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Help pick the Democratic presidential nominee!

Participate in your caucusdonkey (2)

March 26 is a big day for Democrats in Washington—it’s the date of the precinct caucuses to decide the party’s presidential nominee. Washington has a presidential primary in May, but the caucus is the only vote that helps pick the nominee. [“State political parties aren’t bound to use the results of [a]primary in allocating delegates to a candidate.” Seattle Times]

The caucuses are very different from a primary. Instead of voting by mail-in ballot, most people will need to go to the caucus location for their neighborhood—in person—on Saturday morning.

Here’s a Q&A to make sure you and the other Democrats in your life have the information you need to help pick our party’s nominee.

When are the precinct caucuses?

Precinct caucuses are on Saturday, March 26 at 10AM. Plan to stay for about two hours if you want to be there for the whole meeting.

Where do I go?

Your caucus location is determined by your precinct, which is a neighborhood-sized area around your home designated for election purposes. The locations will usually be at a nearby school or community center.

You can find the meeting spot for your precinct online at, and you will have the option to pre-register. Pre-registration is not required, but it keeps things easy on the big day. Once you get there, you will need to sit with the other people in your precinct.

What happens if I can’t be there in person?

This is important, and the answer depends on why you can’t be there. Here are the categories that make you eligible to vote if you can’t make it in person:

  • work schedule
  • military Service
  • religious observance
  • illness or disability

If that’s you, the date you need to memorize is March 18. That’s the day the state party needs to have your signed paperwork in hand by 5:00 PM.

The absentee ballot is called a “Surrogate Affidavit Form,” and you can access it online from the state party website here: You can fax, scan, or mail it to the party HQ in Seattle. (Instructions are listed on the form.) Be sure to plan ahead if you’re using traditional mail service since it may take a few days for your ballot to arrive.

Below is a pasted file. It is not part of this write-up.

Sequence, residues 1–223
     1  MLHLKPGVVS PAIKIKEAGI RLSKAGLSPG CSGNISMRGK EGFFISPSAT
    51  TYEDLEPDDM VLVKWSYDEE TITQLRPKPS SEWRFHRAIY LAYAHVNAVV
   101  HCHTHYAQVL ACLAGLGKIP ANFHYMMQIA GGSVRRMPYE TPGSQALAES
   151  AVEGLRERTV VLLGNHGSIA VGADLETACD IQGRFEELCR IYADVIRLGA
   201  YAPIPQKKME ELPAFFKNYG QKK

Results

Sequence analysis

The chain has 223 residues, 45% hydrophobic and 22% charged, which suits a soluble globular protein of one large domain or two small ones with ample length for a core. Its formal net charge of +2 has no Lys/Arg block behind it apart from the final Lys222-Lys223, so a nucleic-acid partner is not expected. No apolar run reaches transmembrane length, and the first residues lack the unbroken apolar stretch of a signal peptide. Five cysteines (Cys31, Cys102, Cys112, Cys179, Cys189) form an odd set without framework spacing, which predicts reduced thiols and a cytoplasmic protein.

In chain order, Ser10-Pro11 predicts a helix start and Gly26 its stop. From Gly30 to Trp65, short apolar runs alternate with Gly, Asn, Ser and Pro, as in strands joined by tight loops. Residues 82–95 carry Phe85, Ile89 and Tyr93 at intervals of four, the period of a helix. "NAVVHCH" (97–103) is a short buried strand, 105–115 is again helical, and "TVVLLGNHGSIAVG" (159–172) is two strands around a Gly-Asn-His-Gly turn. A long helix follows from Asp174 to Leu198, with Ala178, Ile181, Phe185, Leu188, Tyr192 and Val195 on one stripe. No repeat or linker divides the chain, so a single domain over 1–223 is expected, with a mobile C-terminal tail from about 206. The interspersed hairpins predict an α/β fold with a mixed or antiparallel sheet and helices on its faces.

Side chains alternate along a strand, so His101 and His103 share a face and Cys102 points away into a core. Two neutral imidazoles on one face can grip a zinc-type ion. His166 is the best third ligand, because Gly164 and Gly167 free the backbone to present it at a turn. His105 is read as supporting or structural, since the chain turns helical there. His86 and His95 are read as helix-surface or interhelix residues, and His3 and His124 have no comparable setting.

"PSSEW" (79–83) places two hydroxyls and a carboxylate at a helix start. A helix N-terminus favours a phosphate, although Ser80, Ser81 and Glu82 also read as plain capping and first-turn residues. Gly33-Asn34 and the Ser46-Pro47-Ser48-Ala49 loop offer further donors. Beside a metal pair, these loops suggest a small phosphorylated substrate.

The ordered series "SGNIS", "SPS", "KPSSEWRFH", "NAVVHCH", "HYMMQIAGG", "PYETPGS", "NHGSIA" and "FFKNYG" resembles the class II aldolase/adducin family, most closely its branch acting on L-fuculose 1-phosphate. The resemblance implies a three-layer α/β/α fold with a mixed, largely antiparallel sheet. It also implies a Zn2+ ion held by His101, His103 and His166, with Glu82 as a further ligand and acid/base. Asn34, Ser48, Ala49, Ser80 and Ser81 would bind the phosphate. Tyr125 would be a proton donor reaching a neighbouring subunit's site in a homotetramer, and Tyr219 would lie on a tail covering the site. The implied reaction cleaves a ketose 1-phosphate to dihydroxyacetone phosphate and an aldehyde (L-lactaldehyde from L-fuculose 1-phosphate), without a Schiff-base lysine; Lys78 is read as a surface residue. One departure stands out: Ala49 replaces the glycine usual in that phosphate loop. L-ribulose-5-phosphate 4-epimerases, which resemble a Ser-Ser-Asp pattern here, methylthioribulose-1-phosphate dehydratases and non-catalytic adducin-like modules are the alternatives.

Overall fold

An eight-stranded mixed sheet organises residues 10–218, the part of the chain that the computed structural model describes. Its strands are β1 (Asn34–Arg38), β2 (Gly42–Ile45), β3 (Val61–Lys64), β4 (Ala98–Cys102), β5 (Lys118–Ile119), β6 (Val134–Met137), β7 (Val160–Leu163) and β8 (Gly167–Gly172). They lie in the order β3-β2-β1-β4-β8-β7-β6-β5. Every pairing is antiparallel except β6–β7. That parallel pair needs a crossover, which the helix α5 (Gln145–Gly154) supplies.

I have a personal commitment that day that is very important to me. Can I still vote?

Unfortunately, only people that are prevented from attending because of work, military service, religious observation, illness or disability are eligible to vote in absentia.

I’m not registered to vote. What is the registration deadline to participate in the caucus?

Unlike other elections, you can register to vote right at the event. Party officials say voter registration forms will be available on-site. You can also register online on the Secretary of State’s website, here:

I’m a college student and I am registered to vote in my hometown. Can I participate in Olympia?

Yes, but you have to change your voter registration to your Olympia address. Voter registration forms will be available on-site, or you can register online (see above). If you want, you can always change your registration back to your hometown before the general election.

What documentation do I need to bring to register to vote on-site?

You won’t have to present ID, but you will need to write down your driver’s license number or Social Security number.

I’m not old enough to vote, but I’ll turn 18 before the November election. Can I vote in the caucus?

Yes. If you will be 18 by November 8, 2016 then you are welcome to vote.

What if I’m not a registered Democrat?

You can still vote in the caucus. Whether or not you are officially registered, you will need to attest that you consider yourself a Democrat and that you are not participating in another party’s presidential primary this year.

I was convicted of a felony and lost my voting rights. Can I vote in the caucus?

People that are convicted of a felony can have their voting rights restored when they are no longer in prison or community custody. More information is available on the Secretary of State’s website:

Where can I find more information?

The state party website is the best place for general information:

The Thurston County Democrats are also a good resource. You can visit their website at or call their office at (360) 956-0235.

Michaela Williams lives in Olympia, Washington.







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